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to live your life to the fullest with limited mobility


Fashion on Wheels: Clothing for Disabled Users

Clothing for Disabled Users
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Clothing for Disabled Users‘ – doesn’t sound that sexy, does it?

I regularly browse Instagram and several fashion sites, getting excited about the new trends on show. I look at the colours on offer, choose my size and almost click the ‘buy’ button. Almost. But I never quite bring myself to do it. Why? Because the clothing I buy rarely suits my disability.

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I know exactly how I want to look, and the patterns and cuts that suit me. Whether or not they suit my wheelchair, however, is a different story. Welcome to the world of disability fashion – a sector that needs much more coverage if it’s ever going to thrive. Until this happens though, let me guide you through my top tips for looking foxy and not frumpy when you’re sat down. Operation Clothing for Disabled Users – go!


Clothing for Disabled Users Tip 1: Low rise = No point.

Up until my mid-teens, jeans weren’t a problem, as I didn’t wear them. Instead, I had three very memorable, and equally delightful pairs of trousers to choose from. Baggy khaki army pants, banana yellow tracksuit bottoms with navy blue poppers up the side that gave me enough self-esteem to think I was Sporty Spice, and, my personal favourites, fluorescent pink trousers with huge tassels hanging from every inch of them… classy, I know. Looking back, it’s no wonder I found the dating game a bit of a drag. I did eventually find the Holy Grail, the ever-elusive ‘good pair of jeans’, but sadly all the styles I liked were low rise. Never a great idea when you’re sitting down with them digging into your hips, or when they decide to slide down just as you need to transfer or crawl up a flight of stairs. Not good at all. So nowadays I stick to maxi dresses and high-rise pencil skirts. A tucked-in tummy and no builders bum. Result!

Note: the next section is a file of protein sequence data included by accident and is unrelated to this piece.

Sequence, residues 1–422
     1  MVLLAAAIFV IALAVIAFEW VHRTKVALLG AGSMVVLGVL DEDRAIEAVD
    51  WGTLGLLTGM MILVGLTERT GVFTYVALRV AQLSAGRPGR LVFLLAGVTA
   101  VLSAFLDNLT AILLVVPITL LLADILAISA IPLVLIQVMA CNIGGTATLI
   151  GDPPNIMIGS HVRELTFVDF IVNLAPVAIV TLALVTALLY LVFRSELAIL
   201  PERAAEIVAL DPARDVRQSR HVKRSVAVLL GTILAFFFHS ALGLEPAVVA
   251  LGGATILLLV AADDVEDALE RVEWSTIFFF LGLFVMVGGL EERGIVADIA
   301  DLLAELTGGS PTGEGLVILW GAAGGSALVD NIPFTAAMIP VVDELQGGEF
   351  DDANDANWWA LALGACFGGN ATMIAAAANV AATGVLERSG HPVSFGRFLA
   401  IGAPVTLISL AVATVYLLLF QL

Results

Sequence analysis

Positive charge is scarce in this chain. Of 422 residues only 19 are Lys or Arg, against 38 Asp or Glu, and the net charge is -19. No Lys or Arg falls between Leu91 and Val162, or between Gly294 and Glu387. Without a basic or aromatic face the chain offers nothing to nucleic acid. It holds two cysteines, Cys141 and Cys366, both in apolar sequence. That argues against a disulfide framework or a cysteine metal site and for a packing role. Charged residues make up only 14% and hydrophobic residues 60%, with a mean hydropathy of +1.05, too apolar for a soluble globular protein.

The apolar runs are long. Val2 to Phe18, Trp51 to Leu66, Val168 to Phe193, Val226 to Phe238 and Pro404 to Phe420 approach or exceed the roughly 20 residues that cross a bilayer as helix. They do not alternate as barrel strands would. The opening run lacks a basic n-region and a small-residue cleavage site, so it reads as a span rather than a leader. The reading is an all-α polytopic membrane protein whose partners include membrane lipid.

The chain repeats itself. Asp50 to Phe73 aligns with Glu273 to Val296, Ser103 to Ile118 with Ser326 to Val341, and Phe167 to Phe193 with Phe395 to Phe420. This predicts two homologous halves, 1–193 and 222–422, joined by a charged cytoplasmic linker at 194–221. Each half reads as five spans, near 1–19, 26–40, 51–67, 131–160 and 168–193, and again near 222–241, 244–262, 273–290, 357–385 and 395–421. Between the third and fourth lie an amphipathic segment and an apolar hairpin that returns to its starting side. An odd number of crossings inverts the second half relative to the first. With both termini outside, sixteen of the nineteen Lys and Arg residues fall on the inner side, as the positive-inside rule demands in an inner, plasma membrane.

Clothing for Disabled Users Tip 2: Zips = The bane of my life!

I recently bought an incredible 1950s circle dress that I just HAD to have. This was stupid for two reasons. Firstly, it broke the bank, and secondly, it zips all the way up the back and I can’t fasten the bloody thing without some help. And the cherry on top is that, although it gives me hourglass curves, I struggle to breathe when sat down in it. As a result, it comes out on extremely special occasions, aka never. The only advice I can give in this situation is, if your arms are pretty limited like mine and you struggle to use hidden zips, just go for comfy over-your-head dresses that you’ll look just as gorgeous in, as you’ll be able to relax and smile.


Clothing for Disabled Users Tip 3: Giving those assets some attention

I am relatively unfortunate that, unlike the familiar phrase, I actually look like I have two right feet. No matter how many times I tell them, they just won’t keep straight! So more often than not I wear a comfy pair of converse and a long dress that won’t draw attention to them. I also wear tights and dolly shoes because I don’t really care what my feet look like most of the time, but my foolproof method is there if I’m ever having a self-conscious day. I also try to go bright with my hair, make up and top or dress, so that the attention is drawn up my body, instead of down to the rubbish bits. This tip applies to everyone: know what your good bits are and flaunt them (but ladies in chairs, watch out if you have a killer cleavage; that 6ft guy will be able to see three times as much of it as you can…. But maybe that’s a good thing?!)

So come on, let’s make the most of what we’ve got, and make ‘Clothing for Disabled Users’ a sexy phrase!